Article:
GROUNDWATER QUALITY FUNDING SCOPING MEETING:
PROPOSITION 1 GROUNDWATER SUSTAINABILITY AND
SB 445 SITE CLEANUP SUBACCOUNT PROGRAMS
- State Water Board’s Groundwater Quality Funding
- How Proposition 1 Groundwater Sustainability and SB 445 Site Cleanup Subaccount (SCAP) funding programs work together
- Timeline for development of funding programs, project solicitation, grant agreements
- Eligible applicants and projects
- Solicit input on scope of the Proposition 1 Groundwater Sustainability and SB 445 Site Cleanup Subaccount programs
- How and when to apply for funding
- Solicit input on GWQF Pre-Application
SB 445 Site Cleanup Subaccount Program (SCAP)
The SCAP is unique because SB 445 allows for applicants who are not typically eligible to apply for grant agreements, such as private companies and individuals. It requires the State Water Board to consider whether there are alternative sources of funding for projects, so that the SCAP can focus on projects where no other funding options are available. SCAP projects are likely to be smaller than many projects funded by bonds and state revolving funds. There are at least two types of projects that are likely to present themselves when project solicitation occurs: (1) Projects to address contaminated drinking water of unregulated sources, such as contaminated drinking water supplies with less than 15 connections; and (2) Projects to cleanup sources of contamination at “orphan sites”. SB 445 requires that the eligible projects responsible party does not have the financial resources to implement a remedy.
Proposition 1 Groundwater Sustainability Program
Proposition 1 was passed by voters in November 2014 and provided $900 million for a groundwater sustainability program (Assembly Bill 1471, Chapter 10). The State Water Board will administer $800 million to prevent and cleanup contamination of groundwater that serves (or has served) as a source of drinking water. The funds can be provided as grants or loans. Eligible applicants are public agencies, tribes, public utilities, non-profits, and mutual water companies. Proposition 1 provides project prioritization criteria including threat to drinking water supply; potential for contamination to spread to nearby population areas; potential to enhance local water supplies; potential to recharge vulnerable, high-use basins; and projects for which there are no responsible parties or the responsible parties are unwilling/unable to pay for the cleanup. Workshop participants will be asked for input on the scope of funding guidelines that staff will draft for further public review and input. The funding guidelines will be used as the basis for soliciting and selecting projects for Proposition 1 funding.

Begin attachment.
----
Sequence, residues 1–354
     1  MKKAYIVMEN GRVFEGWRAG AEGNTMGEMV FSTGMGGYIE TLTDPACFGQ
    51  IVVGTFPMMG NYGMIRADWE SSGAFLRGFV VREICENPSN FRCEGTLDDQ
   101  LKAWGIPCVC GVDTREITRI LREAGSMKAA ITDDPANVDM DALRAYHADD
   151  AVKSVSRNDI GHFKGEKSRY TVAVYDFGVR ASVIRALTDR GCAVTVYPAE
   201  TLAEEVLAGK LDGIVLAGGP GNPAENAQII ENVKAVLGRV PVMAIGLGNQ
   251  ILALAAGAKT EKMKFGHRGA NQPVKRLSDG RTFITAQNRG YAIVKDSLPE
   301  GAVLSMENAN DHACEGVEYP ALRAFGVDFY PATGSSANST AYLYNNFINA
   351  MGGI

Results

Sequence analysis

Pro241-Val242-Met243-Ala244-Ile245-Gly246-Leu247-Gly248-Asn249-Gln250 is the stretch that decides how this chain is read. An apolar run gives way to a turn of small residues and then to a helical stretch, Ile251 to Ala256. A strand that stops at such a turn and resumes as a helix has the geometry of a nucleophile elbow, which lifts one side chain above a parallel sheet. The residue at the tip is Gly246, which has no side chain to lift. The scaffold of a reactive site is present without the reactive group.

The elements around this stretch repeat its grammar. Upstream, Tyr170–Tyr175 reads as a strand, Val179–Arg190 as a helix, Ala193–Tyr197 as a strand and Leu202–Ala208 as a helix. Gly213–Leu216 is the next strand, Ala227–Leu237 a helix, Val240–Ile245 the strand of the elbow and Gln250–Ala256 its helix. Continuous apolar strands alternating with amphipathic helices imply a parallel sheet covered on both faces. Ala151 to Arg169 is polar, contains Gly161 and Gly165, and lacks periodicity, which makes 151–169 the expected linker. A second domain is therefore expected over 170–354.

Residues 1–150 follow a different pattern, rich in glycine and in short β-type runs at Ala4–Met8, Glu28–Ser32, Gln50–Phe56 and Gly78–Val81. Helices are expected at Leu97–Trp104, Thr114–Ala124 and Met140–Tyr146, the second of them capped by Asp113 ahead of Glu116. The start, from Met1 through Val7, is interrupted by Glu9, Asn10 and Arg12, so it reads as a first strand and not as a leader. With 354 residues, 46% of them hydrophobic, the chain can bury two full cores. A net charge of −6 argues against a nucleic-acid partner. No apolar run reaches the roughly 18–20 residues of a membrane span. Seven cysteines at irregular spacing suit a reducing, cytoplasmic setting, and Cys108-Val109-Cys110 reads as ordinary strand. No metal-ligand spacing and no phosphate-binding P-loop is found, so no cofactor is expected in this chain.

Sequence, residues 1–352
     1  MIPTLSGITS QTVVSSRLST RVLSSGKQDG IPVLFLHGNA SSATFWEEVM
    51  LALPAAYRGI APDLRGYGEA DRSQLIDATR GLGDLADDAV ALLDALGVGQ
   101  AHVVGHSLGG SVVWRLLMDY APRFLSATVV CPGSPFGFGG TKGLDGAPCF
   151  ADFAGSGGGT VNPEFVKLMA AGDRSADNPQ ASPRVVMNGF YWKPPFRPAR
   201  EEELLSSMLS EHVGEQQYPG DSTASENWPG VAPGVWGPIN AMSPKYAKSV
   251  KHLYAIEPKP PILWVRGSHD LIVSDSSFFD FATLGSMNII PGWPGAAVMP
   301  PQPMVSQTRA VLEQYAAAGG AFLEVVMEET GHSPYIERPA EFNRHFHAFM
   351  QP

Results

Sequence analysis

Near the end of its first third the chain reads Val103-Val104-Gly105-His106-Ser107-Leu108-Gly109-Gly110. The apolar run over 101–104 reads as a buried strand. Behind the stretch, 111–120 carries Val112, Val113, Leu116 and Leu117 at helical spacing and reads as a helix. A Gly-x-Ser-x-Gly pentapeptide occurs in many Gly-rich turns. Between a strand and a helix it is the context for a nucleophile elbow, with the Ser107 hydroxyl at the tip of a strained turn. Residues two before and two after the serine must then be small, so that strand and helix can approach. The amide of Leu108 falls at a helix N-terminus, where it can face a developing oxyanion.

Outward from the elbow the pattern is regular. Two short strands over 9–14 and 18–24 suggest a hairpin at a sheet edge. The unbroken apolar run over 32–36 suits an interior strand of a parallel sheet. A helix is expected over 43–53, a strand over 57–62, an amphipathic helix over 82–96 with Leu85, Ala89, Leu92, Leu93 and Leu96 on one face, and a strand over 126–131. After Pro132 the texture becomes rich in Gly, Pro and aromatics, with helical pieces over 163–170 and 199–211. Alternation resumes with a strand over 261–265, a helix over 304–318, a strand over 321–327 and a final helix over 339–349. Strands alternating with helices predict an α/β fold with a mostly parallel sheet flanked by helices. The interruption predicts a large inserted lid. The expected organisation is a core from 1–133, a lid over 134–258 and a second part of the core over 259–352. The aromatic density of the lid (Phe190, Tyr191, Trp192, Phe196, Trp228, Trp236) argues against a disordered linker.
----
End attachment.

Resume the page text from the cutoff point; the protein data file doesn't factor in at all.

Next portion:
Where to get more information:
Groundwater quality funding (GWQF) information is available on the DFA website. The information describes and compares the funding programs, eligibility requirements, and timelines.
GWQF Fact Sheet:
Sign-up for Email alerts for "Groundwater Quality Funding Assistance":
How to contact SWB:
Message phone: 1-800-813-Fund (3863)
1685 E St
Fresno, CA 93706
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